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As Syria Bound Truck Resists Search in Turkey, ICP Asks Amos, Who Talks Surgical

By Matthew Russell Lee

UNITED NATIONS, January 2 -- When a truck said to carry aid was stopped in Turkey's Hatay province last month, an order to search it by the local prosecutor in charge of terrorism was overridden.

  On January 2, Inner City Press asked UN Humanitarian chief Valerie Amos for the UN position on whether aid transports can be searched, and the impact on aid of refusing such searches. UN Video here from Minute 34:17, YouTube video here and embedded below.

Amos' answer largely focused on Syrian governmental roadblocks, including for a time not wanting surgical supplies transported in the the country. But what about the allegation that the Turkish truck had arms and munitions, and resisted search? Doesn't that hurt all aid?

Amos said, "when aid goes into a country, it goes through normal customs procedures. What sometimes then happens, we've seen this a lot in Syria, there are a lot of check points. In Syria, government gives clearances. So the convoys have the paperwork and they can go through the checkpoints. At others, there are demand to look to see... Last year, for example, the government of Syria was insisting that surgical equipment was not carried on convoys. We want our trucks to go through normally, and then be left alone."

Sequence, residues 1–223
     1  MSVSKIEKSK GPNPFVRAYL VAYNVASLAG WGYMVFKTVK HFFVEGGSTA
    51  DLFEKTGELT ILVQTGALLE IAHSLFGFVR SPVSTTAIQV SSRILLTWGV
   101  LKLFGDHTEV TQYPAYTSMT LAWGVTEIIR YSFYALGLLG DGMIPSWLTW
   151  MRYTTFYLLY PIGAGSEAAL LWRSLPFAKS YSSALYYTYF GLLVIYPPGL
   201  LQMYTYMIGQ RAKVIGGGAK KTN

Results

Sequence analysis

In the case in Turkey, the truck hadn't yet reached Syria. According to reports, "Prosecutor Özcan Sisman, who was also tasked with probing the Reyhanli bombing last spring that killed dozens of people, instructed gendarmerie to make an official search of the truck by emptying its cargo. The gendarmerie, however, was prevented from obeying the prosecutor as it received a written order from the governor instructing them not to search the truck.

"The truck was allegedly planning to cross into Syria from the Öncüpinar Border Gate of another bordering town, Kilis. But after the development, the truck returned to Reyhanli from where it embarked for Syria. The truck was hired by a person who has links with a humanitarian foundation," IHH.

It seems that to resist a search in your own country of aid for the country next door might hurt all aid. We'll see. Watch this site.


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